TMP 062; Dennis Baker; Page 4 the i sland s over in Charlest on South Carolina. They would have a very strange clip, almost an English accent in a way. S: Yeah a little bit. B: So , so the w orking water men we had known forty years ago are in the decline. The rea son for that of course is fisheries, environmental laws, the costs of running their boats, the whole economic structure for working on the water ha s really become very stressful. S o you have a pocket of these last survivors, w hich we feel cherished that we to know all of them who are now deceased unfortunately B ut more importantly their widows have become wonderful friends. The wives of the working watermen I think are just as interesting as their husbands were. A nd I think they are the unsung heroes really in Mathews many times. Because ether sea captains or working on boats. They were busy making crab pots, they were shucking oysters, they were pi cking c rabs, they were salting herring. I find that whole lifestyle incredibly interesting and overlooked in a way. S: W hat was your occupation? W hat ha ve you done like jobwise though out your life? B: I ended my career as the D irector of Virgin ia State P arks and Recreation. T all the state parks in Virginia. I w orked my way into the organization and so I ended up retiring as the director, yes.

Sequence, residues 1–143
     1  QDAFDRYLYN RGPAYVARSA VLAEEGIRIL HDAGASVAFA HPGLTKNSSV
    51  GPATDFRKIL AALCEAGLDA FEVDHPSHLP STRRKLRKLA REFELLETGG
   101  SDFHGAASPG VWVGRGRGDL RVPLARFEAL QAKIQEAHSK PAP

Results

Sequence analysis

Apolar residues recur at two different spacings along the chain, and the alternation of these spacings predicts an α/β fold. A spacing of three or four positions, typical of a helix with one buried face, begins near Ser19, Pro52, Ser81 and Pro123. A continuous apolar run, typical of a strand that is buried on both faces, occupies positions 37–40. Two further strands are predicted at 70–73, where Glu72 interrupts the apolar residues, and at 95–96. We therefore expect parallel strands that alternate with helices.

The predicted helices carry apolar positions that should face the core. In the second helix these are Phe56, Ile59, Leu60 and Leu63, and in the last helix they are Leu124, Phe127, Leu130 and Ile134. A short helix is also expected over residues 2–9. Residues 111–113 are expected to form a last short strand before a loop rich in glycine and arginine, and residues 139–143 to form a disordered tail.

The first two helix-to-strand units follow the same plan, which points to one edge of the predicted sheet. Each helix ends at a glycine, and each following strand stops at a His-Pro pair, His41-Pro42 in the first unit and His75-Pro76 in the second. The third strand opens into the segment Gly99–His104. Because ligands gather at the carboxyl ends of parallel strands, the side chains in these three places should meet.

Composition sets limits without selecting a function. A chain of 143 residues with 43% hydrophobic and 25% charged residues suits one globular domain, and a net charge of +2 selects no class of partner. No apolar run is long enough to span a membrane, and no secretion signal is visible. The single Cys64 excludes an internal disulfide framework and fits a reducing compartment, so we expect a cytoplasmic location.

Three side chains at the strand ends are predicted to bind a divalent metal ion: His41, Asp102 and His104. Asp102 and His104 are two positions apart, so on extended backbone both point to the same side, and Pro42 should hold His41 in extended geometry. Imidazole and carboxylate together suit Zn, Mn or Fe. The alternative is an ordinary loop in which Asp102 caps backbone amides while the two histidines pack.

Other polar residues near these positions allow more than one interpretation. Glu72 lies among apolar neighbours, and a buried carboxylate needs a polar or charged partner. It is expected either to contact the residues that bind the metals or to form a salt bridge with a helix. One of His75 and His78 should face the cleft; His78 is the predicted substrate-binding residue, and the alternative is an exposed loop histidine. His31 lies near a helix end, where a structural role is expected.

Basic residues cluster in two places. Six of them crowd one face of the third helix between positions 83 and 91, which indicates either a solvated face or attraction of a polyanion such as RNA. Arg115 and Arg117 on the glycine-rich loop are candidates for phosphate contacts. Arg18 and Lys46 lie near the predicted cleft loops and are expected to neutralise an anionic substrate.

TMP 062; Dennis Baker; Page 5 S: And do you know any sayings or phrases from aro und here? Like the phrases come heres and from heres like do you know any other like saying or phrases from Mathews County kind of like that, anything like that? B: In our end of the county we we are ; always going up the road [Laughter] So we go up the road to the village which is the Court house. So to me that was kind of an interesting thing to overcome was . that kind of expression. You know in the mountains you through the valley or o ver the hill or over the horizon or whatever it is. B ut her e you go up the road. [Laughter] S: And they B: Well yeah, some call it the village some refer to it at the Court house. Which, hub of activity, which is right here. Of course when we came here forty some years ago the department store was still in existence Drug Store was still going, there were a lot of amenities that were very attractive for a rural community. I often say, I feel like Mathews was going in to a time war p in the 30s, just the way their lifestyle. We were always fascinated when we came, there was a funeral and the hearse was going d own the road to one of the cemeteries people would pull off the road and get out of their cars and stand by the car. Which I thought was ju st absolutely fascinating to me. M speed to get around a funeral procession. S o that lifestyle. I also enjoyed, which